We are business and corporate lawyers, not criminal lawyers. This means we know enough about the law to tell someone when he or she may need criminal defense services, but we do not provide those services. Still, the specter of federal criminal charges is ever-present in the cannabis industry. When cannabis clients ask us about theoretical legal risks, we advise them that both civil and criminal liability exposure exist, on a spectrum from asset forfeiture to actual imprisonment. And we advise them that if they were charged for a violation of the federal Controlled Substances Act (CSA), we would help them find them a criminal lawyer.
In Oregon, Washington and California, we represent large cannabis businesses and vanguard industry players. For this reason, ever since Donald Trump was elected—and especially once Jeff Sessions was appointed attorney general—the question of whether our clients could eventually need criminal lawyers became more likely than before. The theory among many lawyers and policy-makers, after all, is that if the federal government takes action, it would not start with state programs or even with individual users, but with marquee industry players.
It is well established under Supreme Court jurisprudence that the federal government can enforce the CSA against state-legal operators. It is also worth noting that the Rohrbacher-Blumenauer amendment only safeguards medical marijuana programs and participants. Therefore, if the feds sue an adult-use (“recreational”) operator and drag it into court, a jury would likely be instructed that if the operator traded in marijuana it had violated the CSA. And that is where things could get interesting.
Most people—and even many lawyers—are surprised to learn that juries are not required to follow the law. When a jury’s conscience takes over and tells it that someone does not deserve criminal punishment for his or her actions, regardless of the law, the jury can choose to acquit. In legal terms, this is known as “jury nullification“: a systemic public safeguard from government run amok. To the chagrin of prosecutors, when jury nullification occurs, the Fifth Amendment’s Double Jeopardy Clause also prevents the acquitted person from being re-tried for the same charge.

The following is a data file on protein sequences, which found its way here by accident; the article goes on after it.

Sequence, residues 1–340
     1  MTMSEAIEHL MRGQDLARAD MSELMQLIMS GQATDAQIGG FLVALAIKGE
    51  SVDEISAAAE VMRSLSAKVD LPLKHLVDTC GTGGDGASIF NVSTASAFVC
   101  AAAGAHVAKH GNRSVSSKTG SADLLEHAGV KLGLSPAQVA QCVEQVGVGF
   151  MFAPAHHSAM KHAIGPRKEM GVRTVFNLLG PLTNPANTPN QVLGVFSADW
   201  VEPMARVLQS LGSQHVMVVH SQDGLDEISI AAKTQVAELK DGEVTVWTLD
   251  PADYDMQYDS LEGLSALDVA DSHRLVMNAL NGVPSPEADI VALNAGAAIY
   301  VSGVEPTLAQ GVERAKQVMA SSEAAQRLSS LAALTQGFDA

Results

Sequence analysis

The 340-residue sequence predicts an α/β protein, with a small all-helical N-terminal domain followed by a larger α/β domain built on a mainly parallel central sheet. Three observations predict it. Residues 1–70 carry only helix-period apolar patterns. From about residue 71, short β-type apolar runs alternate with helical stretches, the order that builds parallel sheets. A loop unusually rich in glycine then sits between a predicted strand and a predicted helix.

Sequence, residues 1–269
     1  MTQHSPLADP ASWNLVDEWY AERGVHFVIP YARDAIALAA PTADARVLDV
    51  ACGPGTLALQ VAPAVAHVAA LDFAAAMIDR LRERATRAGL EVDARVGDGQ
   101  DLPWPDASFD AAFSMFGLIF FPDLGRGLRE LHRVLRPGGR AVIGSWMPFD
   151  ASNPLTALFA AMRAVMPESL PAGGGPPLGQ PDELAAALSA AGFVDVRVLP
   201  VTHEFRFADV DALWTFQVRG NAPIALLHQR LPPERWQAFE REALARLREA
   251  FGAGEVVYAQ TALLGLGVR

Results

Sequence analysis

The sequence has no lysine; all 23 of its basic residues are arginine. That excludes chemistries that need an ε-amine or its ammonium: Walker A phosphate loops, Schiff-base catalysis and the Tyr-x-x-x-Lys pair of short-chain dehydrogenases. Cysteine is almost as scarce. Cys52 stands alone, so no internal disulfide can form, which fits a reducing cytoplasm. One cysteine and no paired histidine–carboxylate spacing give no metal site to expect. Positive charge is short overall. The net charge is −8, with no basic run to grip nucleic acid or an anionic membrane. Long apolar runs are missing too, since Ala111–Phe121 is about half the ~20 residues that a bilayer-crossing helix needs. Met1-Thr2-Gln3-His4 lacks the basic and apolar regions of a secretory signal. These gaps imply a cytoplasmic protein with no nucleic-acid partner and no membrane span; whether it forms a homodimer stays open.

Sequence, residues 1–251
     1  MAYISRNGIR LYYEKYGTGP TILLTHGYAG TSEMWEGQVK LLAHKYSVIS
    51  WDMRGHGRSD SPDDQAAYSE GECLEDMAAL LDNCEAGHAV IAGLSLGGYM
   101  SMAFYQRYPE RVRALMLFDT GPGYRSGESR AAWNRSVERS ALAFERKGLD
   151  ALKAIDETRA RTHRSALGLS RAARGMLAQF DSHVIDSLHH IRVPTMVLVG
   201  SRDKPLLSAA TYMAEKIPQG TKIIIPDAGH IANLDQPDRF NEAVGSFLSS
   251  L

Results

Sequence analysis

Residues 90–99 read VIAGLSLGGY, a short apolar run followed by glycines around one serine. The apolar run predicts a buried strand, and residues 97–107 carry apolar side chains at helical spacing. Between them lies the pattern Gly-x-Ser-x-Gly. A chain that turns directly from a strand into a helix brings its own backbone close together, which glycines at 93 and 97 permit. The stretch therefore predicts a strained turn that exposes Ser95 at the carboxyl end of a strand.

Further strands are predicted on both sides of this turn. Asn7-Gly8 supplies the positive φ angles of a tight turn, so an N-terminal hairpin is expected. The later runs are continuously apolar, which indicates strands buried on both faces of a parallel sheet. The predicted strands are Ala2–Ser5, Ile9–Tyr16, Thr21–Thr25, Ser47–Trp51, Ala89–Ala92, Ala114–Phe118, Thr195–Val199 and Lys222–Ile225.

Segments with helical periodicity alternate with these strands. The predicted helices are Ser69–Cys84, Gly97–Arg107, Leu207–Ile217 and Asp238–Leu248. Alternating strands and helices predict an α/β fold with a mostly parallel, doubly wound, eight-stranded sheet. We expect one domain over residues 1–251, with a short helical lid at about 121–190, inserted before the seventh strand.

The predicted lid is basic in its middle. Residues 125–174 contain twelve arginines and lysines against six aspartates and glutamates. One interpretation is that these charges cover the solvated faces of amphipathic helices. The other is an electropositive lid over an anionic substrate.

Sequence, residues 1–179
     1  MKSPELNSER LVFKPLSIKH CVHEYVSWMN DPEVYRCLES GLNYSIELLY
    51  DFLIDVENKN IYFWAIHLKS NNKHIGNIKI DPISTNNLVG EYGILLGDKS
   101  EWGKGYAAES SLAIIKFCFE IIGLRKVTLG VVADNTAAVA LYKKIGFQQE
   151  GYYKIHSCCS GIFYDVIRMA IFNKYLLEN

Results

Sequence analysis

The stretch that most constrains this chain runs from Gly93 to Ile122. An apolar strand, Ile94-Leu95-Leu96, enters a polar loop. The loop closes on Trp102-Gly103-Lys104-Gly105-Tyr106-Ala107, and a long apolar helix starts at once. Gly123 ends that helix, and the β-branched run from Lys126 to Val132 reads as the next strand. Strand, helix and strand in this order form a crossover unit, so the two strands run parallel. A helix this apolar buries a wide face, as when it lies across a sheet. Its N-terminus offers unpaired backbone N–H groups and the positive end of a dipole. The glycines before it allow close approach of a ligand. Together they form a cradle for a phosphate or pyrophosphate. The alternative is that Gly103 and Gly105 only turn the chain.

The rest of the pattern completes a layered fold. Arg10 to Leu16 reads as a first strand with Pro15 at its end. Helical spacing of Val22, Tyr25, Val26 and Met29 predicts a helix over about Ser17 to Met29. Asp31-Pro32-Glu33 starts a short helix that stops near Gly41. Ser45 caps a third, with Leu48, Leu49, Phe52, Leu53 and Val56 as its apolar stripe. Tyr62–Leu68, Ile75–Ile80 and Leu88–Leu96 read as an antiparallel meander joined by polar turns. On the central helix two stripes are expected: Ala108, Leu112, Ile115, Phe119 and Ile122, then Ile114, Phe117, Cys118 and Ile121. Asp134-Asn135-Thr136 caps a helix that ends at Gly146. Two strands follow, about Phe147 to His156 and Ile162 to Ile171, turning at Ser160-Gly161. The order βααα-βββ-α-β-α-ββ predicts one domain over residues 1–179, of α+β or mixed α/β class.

Jury nullification has been a thorn in the side of state and federal prosecutors from our country’s early days. It became common in trials under the immensely unpopular Fugitive Slave Act of 1850, which criminalized any action that interfered with the recovery of fugitive slaves by slave owners. It again became common in the 1920s, when the immensely unpopular Volstead Act criminalized alcohol possession, on the heels of the 18th Amendment. These examples beg a timely question: what other federal law has become immensely unpopular of late?
The possibility of jury nullification in a CSA case against a cannabis business is both fascinating and realistic. It is realistic not just because of the favorable polling for cannabis nationwide, but also because these juries would be empaneled in jurisdictions that voted to legalize pot in the first place. Imagine a hapless U.S. attorney being ordered to charge a popular cannabis farm in Humbolt County, California, which is America’s largest cannabis labor market. It would make for an interesting show, to say the least.
We tend to write more about law than policy on this blog, but the 29 states with medical marijuana programs, the 8 states with adult use programs, and the overlapping 46 states that allow some form of cannabis possession, are all acting at the direction of their citizens when it comes to marijuana, ignoring federal law. The Cole Memorandum, which has helped facilitate state-level legalization since 2013, likewise discounts federal law.
What’s to say a jury wouldn’t do the same? If you were on a jury would you convict for cannabis?
EDITOR’S NOTE: This article stems from a paper titled “Jury Nullification Risks for Federal Cannabis Enforcement: How History and Common Sense Protect the Recreational Marijuana Market.” The paper was written by Emily Baker, a third year student at Lewis & Clark Law School in Portland, Oregon.